Kosovo, a predominantly Muslim land severed from Serbia by US and NATO military intervention, was turned into a hotbed of radical Islamism and a fertile recruiting ground for terrorists thanks to money pumped into it by Gulf kingdoms, the New York Times reported.
Among all European nations Kosovo holds the grim record of having the biggest per capita rate of people joining the terrorist group Islamic State (IS, formerly ISIS/ISIL) in Syria. In a land of 1.8 million, 314 Kosovars were identified by the police over the past two years as IS recruits.
Local authorities and moderate imams blame the problem on a network of extremist clerics backed by money coming from Saudi Arabia, Qatar, Kuwait and other Arab nations. Funded through a shady network of private donations, mercurial charities and Islamic scholarship programs, they spread the brand of Islam called Wahhabism, a hardline sect to which Saudi Arabia adheres.
“The first thing the Wahhabis do is to take members of our congregation, who understand Islam in the traditional Kosovo way that we had for generations, and try to draw them away from this understanding,” Idriz Bilalli, an imam of the central mosque in Podujevo, told NYT. “Once they get them away from the traditional congregation, then they start bombarding them with radical thoughts and ideas.”
“The main goal of their activity is to create conflict between people,” he added. “This first creates division, and then hatred, and then it can come to what happened in Arab countries, where war starts because of these conflicting ideas.”
Wahhabism tenets include the supremacy of Sharia law, the idea of violent jihad and takfirism, which encourages killing of Muslims considered heretics for not following its interpretation of Islam. Kosovo, which declared independence from Serbia in 2008, states that it is a secular country in its constitution. Kosovars are predominantly Albanian Muslims who adhere to the moderate Hanafi school of Islam inherited from the five centuries of Ottoman rule.
Saudi charities and preachers flooded Kosovo after the Balkan wars, offering money to build mosques and help the poor in exchange for following stricter everyday norms such as wearing head scarves.
“They came in the name of aid,” Enver Rexhepi, a moderate imam in Gjilan, said of the Arab charities in an interview with the newspaper. “But they came with a background of different intentions, and that’s where the Islamic religion started splitting here.”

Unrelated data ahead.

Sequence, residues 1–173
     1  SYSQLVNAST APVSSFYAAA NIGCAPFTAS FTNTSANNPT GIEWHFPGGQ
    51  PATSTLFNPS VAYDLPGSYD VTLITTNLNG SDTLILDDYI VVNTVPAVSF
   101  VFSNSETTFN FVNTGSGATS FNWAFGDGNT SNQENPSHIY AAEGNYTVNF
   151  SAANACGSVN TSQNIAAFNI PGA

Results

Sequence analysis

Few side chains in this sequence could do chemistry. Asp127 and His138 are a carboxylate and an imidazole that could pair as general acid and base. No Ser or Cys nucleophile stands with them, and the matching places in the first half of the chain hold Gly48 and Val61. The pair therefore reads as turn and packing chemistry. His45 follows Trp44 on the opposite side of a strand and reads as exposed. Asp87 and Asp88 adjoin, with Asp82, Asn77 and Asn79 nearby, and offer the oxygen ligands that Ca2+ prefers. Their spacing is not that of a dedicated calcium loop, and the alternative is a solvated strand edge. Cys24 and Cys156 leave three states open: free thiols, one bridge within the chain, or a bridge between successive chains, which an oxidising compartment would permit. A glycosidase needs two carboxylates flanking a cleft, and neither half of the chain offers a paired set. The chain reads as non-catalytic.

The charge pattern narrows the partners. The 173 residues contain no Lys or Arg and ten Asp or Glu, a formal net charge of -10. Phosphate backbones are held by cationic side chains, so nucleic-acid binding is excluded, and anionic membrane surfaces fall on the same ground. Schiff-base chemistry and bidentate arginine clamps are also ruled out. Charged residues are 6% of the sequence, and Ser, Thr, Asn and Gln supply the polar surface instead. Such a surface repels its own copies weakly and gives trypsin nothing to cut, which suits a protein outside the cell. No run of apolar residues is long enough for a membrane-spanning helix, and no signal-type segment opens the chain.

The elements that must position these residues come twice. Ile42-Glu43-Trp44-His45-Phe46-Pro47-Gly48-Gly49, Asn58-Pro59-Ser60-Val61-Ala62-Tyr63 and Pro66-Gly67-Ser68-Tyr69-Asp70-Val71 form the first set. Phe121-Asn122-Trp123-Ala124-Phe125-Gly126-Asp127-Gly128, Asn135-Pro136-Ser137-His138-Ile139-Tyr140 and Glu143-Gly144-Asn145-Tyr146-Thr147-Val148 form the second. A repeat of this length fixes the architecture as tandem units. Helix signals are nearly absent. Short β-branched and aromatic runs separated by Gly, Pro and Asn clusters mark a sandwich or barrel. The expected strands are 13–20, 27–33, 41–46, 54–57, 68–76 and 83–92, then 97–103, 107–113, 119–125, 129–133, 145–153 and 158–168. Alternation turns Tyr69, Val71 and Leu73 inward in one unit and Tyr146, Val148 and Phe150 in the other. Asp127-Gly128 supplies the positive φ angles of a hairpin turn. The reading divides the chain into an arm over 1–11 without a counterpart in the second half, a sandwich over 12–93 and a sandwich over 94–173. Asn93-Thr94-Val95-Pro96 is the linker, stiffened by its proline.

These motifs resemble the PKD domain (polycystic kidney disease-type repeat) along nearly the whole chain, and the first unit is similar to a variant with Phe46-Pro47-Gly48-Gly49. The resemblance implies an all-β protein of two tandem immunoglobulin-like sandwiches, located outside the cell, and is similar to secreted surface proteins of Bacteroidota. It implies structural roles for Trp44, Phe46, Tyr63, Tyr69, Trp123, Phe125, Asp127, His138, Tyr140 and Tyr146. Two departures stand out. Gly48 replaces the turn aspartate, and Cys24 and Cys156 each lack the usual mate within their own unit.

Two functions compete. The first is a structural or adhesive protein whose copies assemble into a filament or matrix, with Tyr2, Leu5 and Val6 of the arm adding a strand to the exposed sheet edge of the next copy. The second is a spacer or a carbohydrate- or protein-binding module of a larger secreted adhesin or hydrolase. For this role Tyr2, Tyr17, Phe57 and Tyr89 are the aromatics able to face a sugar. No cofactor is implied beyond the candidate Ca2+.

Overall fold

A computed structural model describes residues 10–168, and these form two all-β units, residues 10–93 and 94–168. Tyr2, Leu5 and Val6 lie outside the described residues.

“I spent 10 years in Arab countries and specialized in sectarianism within Islam,” he added. “It’s very important to stop Arab sectarianism from being introduced to Kosovo.”
For some moderates like Rexhepi opposing the spread of Wahhabism meant trouble. In 2004, he clashed with young radical preacher Zekirja Qazimi over an Albanian flag displayed in Rexhepi’s mosque. The flag features a double-headed eagle. Wahhabism considers depictions of living things idolatrous, so Qazimi tore the flag down. Rexhepi put it back.
Within days Rexhepi was abducted and savagely beaten by masked men in the woods above Gjilan, he told NYT. He believes Qazimi was behind the attack, but the police investigation went nowhere.
In 2014, after two young Kosovars blew themselves up in Iraq and Turkey, Kosovo authorities launched an investigation into their radicalization. This month Qazimi was sentenced to 10 years for inciting hatred and recruiting for a terrorist organization, an accusation that dozens of other clerics and charity workers faced. The broad investigation in Kosovo resulted in 67 people charged, 14 imams arrested and 19 Muslim organization shut down by the police.
Investigators say Saudi sponsors invest millions of dollars in spreading Wahhabism in the Balkans. Al Waqf al Islami, one of the organizations shut down, pumped in € 10 million from 2000 through 2012. Of this money, more than € 1 million went into mosque building. Some € 1.5 million vanished through unspecified cash withdrawals that the police could not trace. Only seven percent of the organization’s budget went to caring for orphans, the charity’s stated mission.
Kosovo Central Bank figures show grants from Saudi Arabia averaging €100,000 a year for the past five years. The funding from Riyadh has been slowly reducing lately, with Kuwait, Qatar and the United Arab Emirates stepping in, the report said.
The radicalization in Kosovo didn’t come as a surprise to local authorities, the newspaper said. As early as 2004, then-Prime Minister Bajram Rexhepi tried to ban extremist sects. But he said the draft law was spoken against by European officials, who said it would violate religious freedoms.
“It was not in their interest, they did not want to irritate some Islamic countries,” he said. “They simply did not do anything.”
Now the Wahhabi agenda is shared by some to Kosovar officials, Interior Minister Skender Hyseni told the NYT.
“I told them they were doing a great disservice to their country,” he said in an interview. “Kosovo is by definition, by Constitution, a secular society. There has always been historically an unspoken inter-religious tolerance among Albanians here, and we want to make sure that we keep it that way.
Kosovo, originally a predominantly Serbian land that preserves a strong spiritual significance for Serbs to this day, has undergone dramatic demographical changes over the past centuries. By the late 1940s it was split in virtually equal parts between Serbs and Albanians, and the proportion continued to change.
In 1990s, the Balkans went through a period of brutal ethnic wars, and Kosovo saw its share of bloodshed. NATO used its military superiority to crush Serbian forces and ensure Kosovo’s independence from Belgrade. Former US President Bill Clinton and his wife, US senator and presidential hopeful Hillary Clinton, are praised in Kosovo for their support of the Albanian cause.